I’ve been desperately trying to tell everyone I know that No Country for Old Men is just the greatest thing since sliced bread and so far I think it might be catching on. I hope you can get out and see this masterpiece before it leaves the theaters. If you need something to read I can suggest these two titles. Revolutionary Road by Richard Yates Vintage Introduction by Richard Ford A friend of mine told me that Richard Ford worships at the altar of Richard Yates, and if you read this book, as I just did…for the first time, I suggest you read his introduction after you’ve read the book. In doing so you’ll see just how bowled over Ford is by the novel and how severely this man’s writing has been affected by not only ‘Revolutionary Road’, but by Yates and the period in American History that not only pre-dates Ford’s work but this reader as well. Enough people told me to read this book; knowing how my tastes run, and it was good suggestion. It’s a book that’s been around longer than I have and it’s almost thrilling to read something that so many people say is important (almost), and I found it to be an emphatic impeachment of the human race pre-nineteen sixties, where this books ridiculously shallow characters preside, they wallow in their lost dreams, Frank and April, (hope springs eternal perhaps, as in april, and let me put it to you frankly). The Revolutionary of the title is a where they live, Revolutionary estates in southern Connecticut, a bucolic bedroom community that would be surreal if it wasn’t and exact replica of where I live. Frank Wheeler will be played by Leonardo DiCaprio in the upcoming Sam Mendes adaptation, and I’ll be stunned if he can pull off the Yates version of the typical suburban man, early to mid twenties, a wandering eye, and filled with banal mundane urges to keep his job. Leo won’t, he’ll try, and I could be wrong, but the college educated Frank Wheeler is a true bore in the classic Ward Cleaver sense, stiff, humorless, egotistical and vain beyond belief (wait maybe Leo can do it, he was okay in The Departed). He’s taken a job at a company who produces an early form of the computer (a Robert Frank New York City), which is probably Yates telling his readers “watch out, this is a soulless endeavor, technology kills.” He trudges off to do his job, something that profoundly bores him and he admittedly dismisses all responsibility, shirks his job, and sleeps through his days. The offices are perfectly described by Yates, cubicle walls overseen by miles of fluorescent lights, I’m not even the slightest bit surprised to find out its where Yates once worked. Frank finds him self on the path to rapid promotion after doing almost nothing and doing it with his eyes closed, another symptom of the office culture. Why promote someone with ambition? Why seek out someone who asks questions? Why not promote someone who can take orders without question? The novel starts with April flailing around like a fish out of water, Yates says she was once a talent, but the circumstances she finds her self in; a local play in the nothing little community theater in anywhere USA, (it’s Connecticut, but Yates is telling you that you can fail anywhere), and when she realizes mid performance that she’s an abomination she turns to hot garbage and becomes toxic to everyone around her as she can’t stand Frank and her best friends pretending she was the opposite, because even in the worst of circumstances you need to put on a front. April Wheeler (will be played by Kate Winslet, a beautiful improvement from what Yates offers), is ready to admit that she’s living in a bogus and phony shell, this life she leads is a joke, she never wanted to marry Frank, he’s an asshole, she’s a formerly beautiful woman who has unwittingly been hoodwinked to masquerade as a subhuman housewife in a mold that can’t be very far off accuracy wise, even back then. April knows how to fix this problem, “We’ll move to Paris!”, seriously, that’s her idea, she brings it to Frank like a new found puppy who will fix everything, it’s so God damn silly and farfetched that Frank can only fall asleep at the sounds of this caterwauling nonsense. The ills of her life are in full bloom; kids who don’t know they’re nothing more than a by product of a time when it was “the thing to do”, suburbs and a husband who screws like a zombie and drinks like a fish even tossing her a few ill timed cracks to the cakehole, which is to say April and company, all drink, smoke and eat like people who know tomorrow isn’t coming. Why Yates flaunts this? It’s basically how I hear it was at the time. April knows Frank could be good at something if he only had time to think it through, Paris would do that for him, and while she became a secretary overseas he would wander the parks and think, while the kids learned French. You find me a woman besides April Wheeler who would say that, even aloud, in today’s world or back then, and I’ll eat my hat. What about the rent? What about the bills? What about…everything? Frank beds his secretary and has the balls to go home like nothing happened, and even worse return to the office the next day ignoring this secretary who thinks stupidly (and typically) that he’ll leave the safety of his gilded cage for her and the microscopic dingy existence that she calls a life. It’s sickening and sad, truly sad, it will make you cry and its bitterness will hang on you like the smell of burnt hair. I was stunned by the corners these people painted themselves in, which I could hardly believe they didn’t once pass a mirror and see their reflection and jump back with morbid shock. Yates is really saying that the 50’s were bad, and that the 60’s were something unknown eventually filled with insane change or as Peter Fonda’s Terry Valentine puts it in The Limey; “Did you ever dream about a place you never really recall being to before? A place that maybe only exists in your imagination? Some place far away, half remembered when you wake up. When you were there, though, you knew the language. You knew your way around. That was the sixties. (pause) No. It wasn't that either. It was just '66 and early '67. That's all there was.” Frank and April didn’t know how different the future was, as they were still stuck in an armature that’s never changed and may return like an advance party of locusts on a sticky August afternoon. Perhaps each decade has a ‘Revolutionary Road’, Yates standing in the sixties looking back to the Cleaver’s of the 50’s, and then a fallow period, a winter of cathartic dispelling, and… okay, perhaps Bret Easton Ellis with ‘Less Than Zero’, and Jay Mac with ‘Bright Lights Big City’ then Rick Moody in the 90’s with the ‘Ice Storm’. These novels with Yates bitter vision can assume their rightful place in a time capsule for future generations to place on their reading lists as insightful meditations on America. It would almost seem unfair not to include Richard Ford’s Bascombe Trilogy as it would certainly hold a place in that same time capsule. But there are others, perhaps Sorrentino’s ‘Trance’, or Josh Ferris and his masterpiece ‘Then We Came To The End’, even Dana Spiotta’s ‘Eat The Document’. I’m not sure, it all seems so depressing, the Yates part that is. 6 Sick Hipsters by Rayo Casablanca Kensington I get a ton of requests from people who read this column asking me to read their books. I think it’s great that you wrote a book, really, I do, and it’s an incredible achievement, I can speak to that personally, but 99% time I’m not going to read it. Mostly because I pick my own books and make the decisions before hand, so it’s pointless to email me and ask me to read your book. A great deal of the books I’m asked to read are self published and I just won’t review them since they’ve not gone down the avenue of an editor, proof reader and publicity and marketing department, and more importantly if a reader of this column wants to buy that self published book good chances are they can’t (I’m sure it’s easier now, and you’ll tell me how easy it is in the talkbacks). That being said I made an exception; actually it’s the second one I’ve made in seven years. Rayo Casablanca has been in touch with me off and on over the last few months mentioning that he’s got a book forthcoming, I was hesitant at first since I just don’t have the time, but then I checked out the Kensington catalog for Summer 2008 and found Rayo’s book listed right next to the ‘Great Cock Hunt’ (I forget the author), which made me laugh, plus the catalog copy likened Rayo’s book to Chuck Palahniuk and Bret Easton Ellis which got my interest. Rayo sounds like he’s got some Chuck in him so I told him to send it along with no promises. I don’t ever read a book in two days. Ever. Okay, sure, I read ‘Tomcat In Love’ in five days, but I was obsessed. Not the same thing, but Rayo got my attention with some very high minded and severely detailed prose which is as addictive as it is palatable. The title may throw you off, ‘6 Sick Hipsters’, it doesn’t roll off the tongue but it does stick in your mind. I couldn’t put this down and that’s a good thing. There is a man, a bad man, something like a combination of Jim Carrey in the Cable Guy and John Lithgow in Raising Cain who is stalking the “hipsters” of Williamsburg, NY circa right now. He’s known to drive a jeep and is immediately given the name Doctor Jeep; he’s in town to kill some hipsters. It sounds funny right? It is and it isn’t, more like a Philip K. Dick homage to the days where everyone lived breathed and eat pop culture, nostalgia isn’t a catch phrase it’s the air these characters need to survive. At the core sits Harrison, a gangly paleontologist who is a confessed died in the wool rationalist, which is perfectly refreshing for anyone not willing to buy the hype thrust at us everyday in the media. He forms a love relationship with the nearly blind Beth Ann, a curvy little creature who is keen on knitting, it’s the new black, the “in” thing for her to do and the only past time that reminds her of something normal. Harrison introduces her to his pals, his little click of hipsters. Interspersed within this brilliantly revealed relationship, (although it is very pubescent, lacking maturity or any kind of non geek experience which is the point) are the murders of a teen aged pop star a comic book nerd with the assorted geek stereotypes thrown in as examples of a culture that’s gone off the rails in the most ridiculous fashion. Slowly Harrison and Beth Ann discover a plot to kill many of their friends, a hysterical character named Wolfgang who is mused into his own doom, and a futuristic image named “T” who seems to have all the best lines in the book, especially the scene about drowning which for me was a close to perfect as a flashback can get. Essentially in a nutshell Rayo seems perfectly willing to lead you by the hand through the recent history of all this pop culture, rounding out every character with a quirk, tick or an obsession which makes for a lot of; “Oh right, I remember when that was big.” This plot? Why does it exist? How did we get there? Or here? It’s a more in your face version of what’s come before it, which is to say, Rayo is holding a mirror up to society and announcing loud and clear that the “man” and his marketing ploys aren’t so easily consumed and should be explored with a fine tooth comb instead of allowing it all to wash over us. He’s hoping that his characters can become an avatar for a type of change that would take the piss out of the powerful and return it to the powerless, to subvert perception and make reality, well…reality. Rayo saves some of the best parts of the book for those last hundred pages and you’ll be begging for the pages to turn faster when you realize that the man behind the curtain has fixed it so you think everything has been one way your whole life and come to find out, it’s been exactly the opposite. Rayo borrows heavy from Dick (even a line that you’ll know right away), Lethem, and more importantly Chuck P, who I think this book should be dedicated to, since it reminded me of a very funny, highly charged version of Fight Club, which is the strongest compliment I can pay any book. Got something you want me to check out? Write me here!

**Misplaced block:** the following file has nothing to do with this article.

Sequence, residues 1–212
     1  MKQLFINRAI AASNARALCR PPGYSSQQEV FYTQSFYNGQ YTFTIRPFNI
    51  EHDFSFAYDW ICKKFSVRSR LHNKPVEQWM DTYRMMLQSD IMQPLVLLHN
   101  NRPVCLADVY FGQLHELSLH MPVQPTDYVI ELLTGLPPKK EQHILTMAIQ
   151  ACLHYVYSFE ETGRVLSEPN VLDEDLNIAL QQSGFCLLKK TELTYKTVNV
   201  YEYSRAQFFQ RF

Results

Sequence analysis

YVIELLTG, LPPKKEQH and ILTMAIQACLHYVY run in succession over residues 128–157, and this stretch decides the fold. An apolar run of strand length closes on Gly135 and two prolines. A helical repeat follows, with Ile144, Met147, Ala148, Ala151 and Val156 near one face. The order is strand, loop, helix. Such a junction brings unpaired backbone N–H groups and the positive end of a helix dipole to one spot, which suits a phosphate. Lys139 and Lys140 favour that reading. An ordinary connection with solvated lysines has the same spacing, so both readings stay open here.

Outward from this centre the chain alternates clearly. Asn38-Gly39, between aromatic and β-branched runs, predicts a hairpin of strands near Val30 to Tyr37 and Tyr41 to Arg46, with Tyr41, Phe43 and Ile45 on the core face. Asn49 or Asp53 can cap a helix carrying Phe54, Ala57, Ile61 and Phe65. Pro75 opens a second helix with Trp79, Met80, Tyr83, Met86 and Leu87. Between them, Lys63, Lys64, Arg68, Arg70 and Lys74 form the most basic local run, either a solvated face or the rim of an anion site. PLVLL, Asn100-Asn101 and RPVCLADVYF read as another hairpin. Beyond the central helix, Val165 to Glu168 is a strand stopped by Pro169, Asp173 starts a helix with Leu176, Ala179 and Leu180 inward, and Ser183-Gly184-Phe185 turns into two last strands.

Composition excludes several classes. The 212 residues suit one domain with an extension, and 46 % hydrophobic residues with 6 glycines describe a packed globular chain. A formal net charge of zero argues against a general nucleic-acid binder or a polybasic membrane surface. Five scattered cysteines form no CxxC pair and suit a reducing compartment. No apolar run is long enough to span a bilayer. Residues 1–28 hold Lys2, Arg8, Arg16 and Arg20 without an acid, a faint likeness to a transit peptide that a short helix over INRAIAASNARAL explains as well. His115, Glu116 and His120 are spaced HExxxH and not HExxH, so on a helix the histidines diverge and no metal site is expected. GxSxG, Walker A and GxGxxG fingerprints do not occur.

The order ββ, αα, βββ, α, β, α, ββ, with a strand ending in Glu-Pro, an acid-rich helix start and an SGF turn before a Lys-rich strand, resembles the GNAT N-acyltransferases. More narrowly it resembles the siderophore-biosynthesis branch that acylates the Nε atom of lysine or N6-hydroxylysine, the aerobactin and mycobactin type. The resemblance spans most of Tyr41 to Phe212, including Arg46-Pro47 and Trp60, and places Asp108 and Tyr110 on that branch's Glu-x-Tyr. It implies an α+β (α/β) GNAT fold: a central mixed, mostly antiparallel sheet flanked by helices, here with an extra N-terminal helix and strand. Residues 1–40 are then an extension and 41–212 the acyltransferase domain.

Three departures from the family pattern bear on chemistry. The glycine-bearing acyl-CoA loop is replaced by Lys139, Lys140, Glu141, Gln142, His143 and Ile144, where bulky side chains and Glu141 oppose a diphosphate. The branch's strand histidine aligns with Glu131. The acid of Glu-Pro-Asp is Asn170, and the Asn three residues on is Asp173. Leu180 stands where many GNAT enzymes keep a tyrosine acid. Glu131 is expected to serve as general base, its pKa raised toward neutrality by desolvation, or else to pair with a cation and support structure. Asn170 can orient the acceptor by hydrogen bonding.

Dec. 4, 2007, 8:52 a.m. CST
Richard Yates. I tore through his stuff about ten years ago. Revolutionary Road is definitely the most disturbing. I also highly recommend The Easter Parade. Yates has such a knack for hitting you in the gut with character bits that ring way too damn true to your own psyche at times, and then pushes them right over the edge. Great stuff.
Dec. 4, 2007, 1:58 p.m. CST
What goes unmentioned is the Coen's actually improved on the book's ending with the wife's call.